Suzanne McBride (Part One) Suzanne McBride, associate chair and coordinator of AustinTalks.org and ChicagoTalks.org discusses collaboration between niche and traditional media.
The old models of competing for audiences are going by the wayside as media outlets, bloggers and online news outlets figure out how readers want their news. From AOL’s Patch.com to smaller online news start-ups, communities are covering their areas and issues in ways mainstream media often do not. The Internet is offering niche media a way to flourish.
Yet, how can niche media compete successfully with mainstream media for audience allegiances?
Suzanne McBride, associate chair and coordinator for ChicagoTalks.org and AustinTalks.org , says her role in this emerging information eco-sphere, where technology meets leather-shoe journalism, comes down to collaboration.
As attractive as niche news has become, sustainability has been the dominant conversation. Hyper-locals, such as Chi-Town Daily News, are vulnerable in a tight economic market full of short attention spans if there is no sound economic model created for them. Limited liability companies, or L3Cs , is a model that has been kicked around but isn’t catching on. McBride says the model created to sustain hyper-locals will be “the holy grail.”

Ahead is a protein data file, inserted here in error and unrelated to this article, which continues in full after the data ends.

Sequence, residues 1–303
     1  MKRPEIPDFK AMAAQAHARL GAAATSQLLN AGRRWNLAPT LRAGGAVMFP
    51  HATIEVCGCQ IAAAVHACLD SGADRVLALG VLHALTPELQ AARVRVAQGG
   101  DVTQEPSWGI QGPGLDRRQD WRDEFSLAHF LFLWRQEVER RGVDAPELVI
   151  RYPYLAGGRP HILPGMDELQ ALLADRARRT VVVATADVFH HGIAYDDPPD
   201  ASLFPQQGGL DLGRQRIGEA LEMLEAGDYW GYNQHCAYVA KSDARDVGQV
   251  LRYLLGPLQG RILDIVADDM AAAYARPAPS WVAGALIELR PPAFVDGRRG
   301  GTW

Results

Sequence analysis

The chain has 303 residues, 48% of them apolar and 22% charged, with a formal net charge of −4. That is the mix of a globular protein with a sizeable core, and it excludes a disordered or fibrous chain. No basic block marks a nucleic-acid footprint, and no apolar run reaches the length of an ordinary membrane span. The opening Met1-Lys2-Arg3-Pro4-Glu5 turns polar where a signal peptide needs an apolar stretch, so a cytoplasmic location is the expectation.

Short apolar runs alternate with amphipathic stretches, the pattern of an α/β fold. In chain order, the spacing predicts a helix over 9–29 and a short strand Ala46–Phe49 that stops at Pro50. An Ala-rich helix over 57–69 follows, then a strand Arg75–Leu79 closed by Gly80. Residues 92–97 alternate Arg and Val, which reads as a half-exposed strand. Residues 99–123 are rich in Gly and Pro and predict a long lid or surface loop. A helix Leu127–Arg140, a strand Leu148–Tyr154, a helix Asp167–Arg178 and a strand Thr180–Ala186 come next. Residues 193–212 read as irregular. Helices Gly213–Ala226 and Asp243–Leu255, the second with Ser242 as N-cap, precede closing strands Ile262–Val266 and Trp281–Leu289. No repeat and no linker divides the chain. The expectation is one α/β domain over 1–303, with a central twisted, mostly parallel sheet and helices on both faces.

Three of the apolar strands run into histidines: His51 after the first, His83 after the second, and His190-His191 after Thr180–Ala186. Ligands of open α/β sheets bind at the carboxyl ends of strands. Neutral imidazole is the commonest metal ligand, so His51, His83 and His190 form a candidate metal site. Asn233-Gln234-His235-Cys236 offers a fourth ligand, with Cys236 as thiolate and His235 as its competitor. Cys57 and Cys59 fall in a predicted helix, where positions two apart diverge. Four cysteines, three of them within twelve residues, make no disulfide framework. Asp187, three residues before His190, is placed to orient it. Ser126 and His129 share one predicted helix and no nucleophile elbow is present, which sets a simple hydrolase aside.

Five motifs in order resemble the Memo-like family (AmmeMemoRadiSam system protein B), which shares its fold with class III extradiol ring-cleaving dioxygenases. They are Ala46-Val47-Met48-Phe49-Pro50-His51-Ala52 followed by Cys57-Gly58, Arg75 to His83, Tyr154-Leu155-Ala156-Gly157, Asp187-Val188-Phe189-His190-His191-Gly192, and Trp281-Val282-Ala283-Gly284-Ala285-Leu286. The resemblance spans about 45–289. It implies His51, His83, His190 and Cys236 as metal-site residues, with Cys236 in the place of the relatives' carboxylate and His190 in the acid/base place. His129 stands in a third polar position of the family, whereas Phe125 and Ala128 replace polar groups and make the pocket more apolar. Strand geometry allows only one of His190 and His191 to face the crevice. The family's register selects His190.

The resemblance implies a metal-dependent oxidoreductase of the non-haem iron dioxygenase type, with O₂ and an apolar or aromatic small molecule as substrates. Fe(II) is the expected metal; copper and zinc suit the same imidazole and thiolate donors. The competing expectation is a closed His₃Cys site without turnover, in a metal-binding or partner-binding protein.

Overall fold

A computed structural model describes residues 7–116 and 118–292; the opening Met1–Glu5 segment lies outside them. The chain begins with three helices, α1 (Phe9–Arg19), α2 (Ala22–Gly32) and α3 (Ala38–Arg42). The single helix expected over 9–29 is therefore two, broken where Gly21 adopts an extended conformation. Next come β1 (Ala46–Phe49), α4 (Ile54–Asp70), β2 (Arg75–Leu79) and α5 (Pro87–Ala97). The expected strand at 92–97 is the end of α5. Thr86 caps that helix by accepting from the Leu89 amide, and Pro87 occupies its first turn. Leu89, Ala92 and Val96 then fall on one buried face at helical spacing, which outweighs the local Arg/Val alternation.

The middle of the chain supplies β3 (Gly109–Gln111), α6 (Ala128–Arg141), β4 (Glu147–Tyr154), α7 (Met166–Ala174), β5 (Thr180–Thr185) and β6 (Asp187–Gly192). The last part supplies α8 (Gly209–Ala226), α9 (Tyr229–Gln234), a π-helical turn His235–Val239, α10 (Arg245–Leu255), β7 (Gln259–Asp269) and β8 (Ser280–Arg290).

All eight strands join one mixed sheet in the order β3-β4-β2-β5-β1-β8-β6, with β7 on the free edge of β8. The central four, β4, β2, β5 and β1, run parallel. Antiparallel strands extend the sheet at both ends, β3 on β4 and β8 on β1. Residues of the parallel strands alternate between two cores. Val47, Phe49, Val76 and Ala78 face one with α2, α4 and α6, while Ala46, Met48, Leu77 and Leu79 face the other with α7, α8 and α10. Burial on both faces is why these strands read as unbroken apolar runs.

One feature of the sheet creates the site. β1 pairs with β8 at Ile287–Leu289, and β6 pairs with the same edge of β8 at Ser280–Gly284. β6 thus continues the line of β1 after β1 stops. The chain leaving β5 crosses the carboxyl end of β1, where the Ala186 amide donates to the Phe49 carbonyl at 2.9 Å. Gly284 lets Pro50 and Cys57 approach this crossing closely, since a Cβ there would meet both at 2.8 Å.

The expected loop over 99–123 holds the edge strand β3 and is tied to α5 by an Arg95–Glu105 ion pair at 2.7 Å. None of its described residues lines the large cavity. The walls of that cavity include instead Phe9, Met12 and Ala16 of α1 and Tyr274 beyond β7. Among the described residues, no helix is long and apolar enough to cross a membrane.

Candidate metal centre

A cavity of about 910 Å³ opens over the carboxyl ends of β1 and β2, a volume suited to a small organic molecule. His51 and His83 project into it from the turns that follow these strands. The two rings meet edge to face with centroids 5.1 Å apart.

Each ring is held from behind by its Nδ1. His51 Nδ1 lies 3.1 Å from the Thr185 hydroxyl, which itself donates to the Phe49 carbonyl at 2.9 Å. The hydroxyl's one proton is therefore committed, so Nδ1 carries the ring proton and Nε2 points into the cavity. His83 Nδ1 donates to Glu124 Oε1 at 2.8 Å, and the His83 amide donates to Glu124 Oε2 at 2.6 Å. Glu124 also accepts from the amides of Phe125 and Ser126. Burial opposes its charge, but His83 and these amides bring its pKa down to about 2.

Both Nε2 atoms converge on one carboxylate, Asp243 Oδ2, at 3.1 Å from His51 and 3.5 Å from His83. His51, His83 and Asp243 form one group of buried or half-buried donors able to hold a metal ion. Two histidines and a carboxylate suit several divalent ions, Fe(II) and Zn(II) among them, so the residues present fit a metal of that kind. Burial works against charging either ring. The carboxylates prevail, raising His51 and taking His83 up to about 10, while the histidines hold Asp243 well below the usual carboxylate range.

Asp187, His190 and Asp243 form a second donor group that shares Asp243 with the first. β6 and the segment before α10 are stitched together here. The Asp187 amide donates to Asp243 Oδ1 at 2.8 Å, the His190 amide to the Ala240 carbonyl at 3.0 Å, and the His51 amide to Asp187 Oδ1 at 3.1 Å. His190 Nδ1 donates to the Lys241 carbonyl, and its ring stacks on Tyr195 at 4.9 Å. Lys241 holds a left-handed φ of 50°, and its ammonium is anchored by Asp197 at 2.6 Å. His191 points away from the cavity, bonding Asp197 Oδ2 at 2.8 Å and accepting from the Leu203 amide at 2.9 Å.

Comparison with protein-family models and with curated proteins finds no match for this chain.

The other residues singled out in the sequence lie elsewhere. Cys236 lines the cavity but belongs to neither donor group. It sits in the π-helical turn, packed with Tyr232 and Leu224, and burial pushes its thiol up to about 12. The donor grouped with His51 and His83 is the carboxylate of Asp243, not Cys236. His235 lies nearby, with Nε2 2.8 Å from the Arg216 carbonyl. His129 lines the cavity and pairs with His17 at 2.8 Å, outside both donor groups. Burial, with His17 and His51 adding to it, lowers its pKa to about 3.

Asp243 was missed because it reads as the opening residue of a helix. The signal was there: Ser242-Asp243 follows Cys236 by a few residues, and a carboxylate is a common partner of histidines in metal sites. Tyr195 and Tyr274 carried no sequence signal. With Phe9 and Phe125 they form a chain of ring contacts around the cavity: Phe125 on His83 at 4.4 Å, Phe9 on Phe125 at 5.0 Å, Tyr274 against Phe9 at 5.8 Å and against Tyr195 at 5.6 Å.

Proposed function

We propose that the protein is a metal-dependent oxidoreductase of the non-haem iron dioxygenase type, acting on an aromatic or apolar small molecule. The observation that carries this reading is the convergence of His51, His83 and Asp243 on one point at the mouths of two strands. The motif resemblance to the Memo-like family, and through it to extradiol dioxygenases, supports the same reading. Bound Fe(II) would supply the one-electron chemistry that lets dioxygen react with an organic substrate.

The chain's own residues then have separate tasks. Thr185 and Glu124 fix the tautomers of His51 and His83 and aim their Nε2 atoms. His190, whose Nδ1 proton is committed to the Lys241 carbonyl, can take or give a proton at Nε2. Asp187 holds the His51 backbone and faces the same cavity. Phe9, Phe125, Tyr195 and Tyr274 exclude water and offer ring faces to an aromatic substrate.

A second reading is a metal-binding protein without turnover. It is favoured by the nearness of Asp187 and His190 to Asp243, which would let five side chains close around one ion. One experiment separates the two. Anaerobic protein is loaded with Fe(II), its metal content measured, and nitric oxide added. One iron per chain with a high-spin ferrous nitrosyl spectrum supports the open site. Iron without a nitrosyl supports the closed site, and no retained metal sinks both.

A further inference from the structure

Holy Grail For Us All: Economic Models
Suzanne McBride, associate chair and coordinator of AustinTalks.org and ChicagoTalks.org discusses economic factors among hyper-locals.
Currently, hyper-locals are gauging audience’s interest for their content using site analytics and comment participation. However, McBride says hopefully in the future a hyper-local’s presence will affect the civil discourse in a community.
Measuring Impact of Local News
Suzanne McBride, associate chair and coordinator of AustinTalks.org and ChicagoTalks.org discusses the impact hyper-locals can have on communities.
“At some point we are going to have to stop segmenting and compartmentalizing—the hyper-local new media sites vs. mainstream media,” says McBride. When it comes to providing news, she believes there are countless stories to be told.